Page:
Irma on Sunday gained strength as it made landfall in the Florida Keys, with hurricane-force winds reported in major population centers, according to the National Hurricane Center (NHC).
“A very dangerous day is unfolding in the Florida Keys and much of West Florida,” senior hurricane specialist Michael Brennan said. “It certainly could inundate the entire island. That’s why everyone in the Keys was urged so strongly to evacuate.”
That message was emphasized Saturday by President Donald Trump and Florida Governor Rick Scott, who warned those in the Irma’s path to comply with evacuation orders before it was too late to hit the roads, and residents were told to go to shelters.
More than 6 million residents were encouraged to leave in an historic evacuation effort. Officials cannot force residents to leave but have said first responders would not attempt any rescue attempts in dangerous conditions, leaving to fend for themselves those who chose to decided not to evaucate.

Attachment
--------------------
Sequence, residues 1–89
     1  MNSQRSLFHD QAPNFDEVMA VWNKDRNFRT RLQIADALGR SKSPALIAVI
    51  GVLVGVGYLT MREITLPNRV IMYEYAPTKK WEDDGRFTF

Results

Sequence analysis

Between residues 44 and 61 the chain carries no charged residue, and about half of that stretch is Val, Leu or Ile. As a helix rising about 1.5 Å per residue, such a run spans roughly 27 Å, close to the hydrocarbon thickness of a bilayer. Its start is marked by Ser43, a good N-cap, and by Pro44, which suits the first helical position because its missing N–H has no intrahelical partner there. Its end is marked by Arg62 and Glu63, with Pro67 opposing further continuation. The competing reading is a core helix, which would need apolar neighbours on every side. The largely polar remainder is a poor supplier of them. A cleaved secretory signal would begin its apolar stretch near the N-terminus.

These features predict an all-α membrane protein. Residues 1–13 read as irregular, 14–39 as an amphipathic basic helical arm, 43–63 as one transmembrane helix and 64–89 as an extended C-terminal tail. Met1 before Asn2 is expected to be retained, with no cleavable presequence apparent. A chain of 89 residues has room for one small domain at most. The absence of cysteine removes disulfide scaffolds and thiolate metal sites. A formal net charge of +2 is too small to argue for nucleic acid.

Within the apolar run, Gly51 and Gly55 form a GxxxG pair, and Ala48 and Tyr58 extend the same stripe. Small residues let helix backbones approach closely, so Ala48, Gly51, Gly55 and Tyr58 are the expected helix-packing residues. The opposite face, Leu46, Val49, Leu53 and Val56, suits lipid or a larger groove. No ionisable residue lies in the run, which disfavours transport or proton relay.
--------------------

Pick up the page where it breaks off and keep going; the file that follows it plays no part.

The Category 5 storm killed at least 24 victims as it cut a destructive path across the Caribbean islands it left in ruins before being downgraded to Category 3. It regained some of its strength early Sunday, however, before its eyewall made contact with the Keys.
It now packs maximum sustained winds of 130 miles per hour (210 kilometers per hour), threatening deadly storm surge, or flooding, of up to 10 feet (3 meters) in some areas.
The storm has left hundreds of thousands without power in Florida, with tens of thousands bracing for in shelters.
Irma is shaping up to be the most devastating storm in Florida since Hurricane Andrew ravaged the state 25 years ago killing 65 people and causing $26 billion in damage.
By Canberk Yuksel in New York